So far I have addressed the superficial contradictions arising out of the lack of principle by all sides of the population debate. But what about the underlying principles themselves? From what I can tell there is an assumption that there exists a perpetual tendency for life to increase beyond the means of subsistence.
Australia’s own David Stove did away with this assumption with such observations as:
Human populations, once they reach a certain size and complexity, always develop specialized orders, of priests, doctors, soldiers. To the members of these orders sexual abstinence, either permanent or periodic, or in “business hours” (so to speak), is typically prescribed. Here, then, is [a] fact about our species which is contrary to what one would expect on the principle that population always increases when, and as fast as, the amount of food available permits.1
The mathematical principle contrasts the rate at which population tends to increase, with the highest rate at which food can increase. But the contrast makes no sense, because food, or at any rate the food of animals, consists of organic populations. The food of humans, for example, consists of parts or products of populations of cattle, wheat, fruit trees, bees, milking cows, etc. So if population tends to increase geometrically in all species, then that is true not just of human populations, but of cattle and wheat populations too: that is, of human food. 2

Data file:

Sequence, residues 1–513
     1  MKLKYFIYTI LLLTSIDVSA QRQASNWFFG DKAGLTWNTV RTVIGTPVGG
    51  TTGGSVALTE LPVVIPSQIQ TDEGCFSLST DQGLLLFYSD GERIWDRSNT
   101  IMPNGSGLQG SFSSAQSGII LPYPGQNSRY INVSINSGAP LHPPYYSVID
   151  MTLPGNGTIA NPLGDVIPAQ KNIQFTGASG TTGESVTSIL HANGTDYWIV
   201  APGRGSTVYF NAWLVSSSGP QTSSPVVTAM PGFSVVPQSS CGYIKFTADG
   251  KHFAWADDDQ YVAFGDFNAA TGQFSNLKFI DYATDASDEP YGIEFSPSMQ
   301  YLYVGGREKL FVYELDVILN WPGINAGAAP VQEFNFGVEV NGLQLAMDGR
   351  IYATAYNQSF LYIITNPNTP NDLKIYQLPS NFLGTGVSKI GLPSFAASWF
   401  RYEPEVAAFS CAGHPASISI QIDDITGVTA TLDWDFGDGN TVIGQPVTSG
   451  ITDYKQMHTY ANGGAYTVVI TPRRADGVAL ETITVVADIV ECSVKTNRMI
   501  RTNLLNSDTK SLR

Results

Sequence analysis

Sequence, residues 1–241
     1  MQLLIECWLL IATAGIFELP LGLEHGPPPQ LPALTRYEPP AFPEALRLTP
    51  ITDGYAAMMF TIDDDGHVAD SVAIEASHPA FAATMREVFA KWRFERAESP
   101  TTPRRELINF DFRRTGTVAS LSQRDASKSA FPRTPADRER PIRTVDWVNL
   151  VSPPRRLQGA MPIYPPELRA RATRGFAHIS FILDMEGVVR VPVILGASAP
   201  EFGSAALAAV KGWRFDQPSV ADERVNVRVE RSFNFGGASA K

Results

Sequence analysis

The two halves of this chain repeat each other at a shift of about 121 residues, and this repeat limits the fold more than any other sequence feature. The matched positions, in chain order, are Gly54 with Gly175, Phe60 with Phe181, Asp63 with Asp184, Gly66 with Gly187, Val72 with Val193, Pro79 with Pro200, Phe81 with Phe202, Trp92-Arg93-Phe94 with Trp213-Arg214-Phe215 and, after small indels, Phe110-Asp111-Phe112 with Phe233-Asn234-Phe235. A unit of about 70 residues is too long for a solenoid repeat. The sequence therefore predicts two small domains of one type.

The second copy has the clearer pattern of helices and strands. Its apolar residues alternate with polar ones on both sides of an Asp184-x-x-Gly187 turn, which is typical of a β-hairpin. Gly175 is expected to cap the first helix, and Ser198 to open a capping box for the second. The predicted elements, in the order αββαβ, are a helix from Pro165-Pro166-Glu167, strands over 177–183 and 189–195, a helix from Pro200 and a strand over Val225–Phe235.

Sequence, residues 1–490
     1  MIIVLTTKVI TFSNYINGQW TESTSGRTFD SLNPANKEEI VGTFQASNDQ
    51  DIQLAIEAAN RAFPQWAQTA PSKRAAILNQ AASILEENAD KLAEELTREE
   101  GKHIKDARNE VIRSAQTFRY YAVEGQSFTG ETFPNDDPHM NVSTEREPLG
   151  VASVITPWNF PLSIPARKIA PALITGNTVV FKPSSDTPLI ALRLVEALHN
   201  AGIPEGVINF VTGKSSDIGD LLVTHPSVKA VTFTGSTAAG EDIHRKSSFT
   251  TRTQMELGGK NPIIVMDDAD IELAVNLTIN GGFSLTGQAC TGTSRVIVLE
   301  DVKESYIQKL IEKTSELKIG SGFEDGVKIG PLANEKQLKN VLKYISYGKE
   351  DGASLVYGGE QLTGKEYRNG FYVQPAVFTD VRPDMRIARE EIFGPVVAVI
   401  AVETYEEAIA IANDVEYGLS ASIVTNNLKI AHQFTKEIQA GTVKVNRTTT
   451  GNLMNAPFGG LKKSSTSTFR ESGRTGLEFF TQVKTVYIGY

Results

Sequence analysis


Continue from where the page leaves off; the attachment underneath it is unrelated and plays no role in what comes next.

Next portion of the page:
The application of the theory of the perpetual tendency of humanity to increase beyond the means of subsistence is often masked by the terms: “carrying capacity,” which is the number of individuals that a unit of area can hold; and “ecological footprint,” which is a measure of how many units of area an individual uses — literally an inversion of carrying capacity. In practice, ecological footprints have very amusing results. For example, if we all wanted to live like Bill Gates, at current resource levels we would need multiple planet Earths.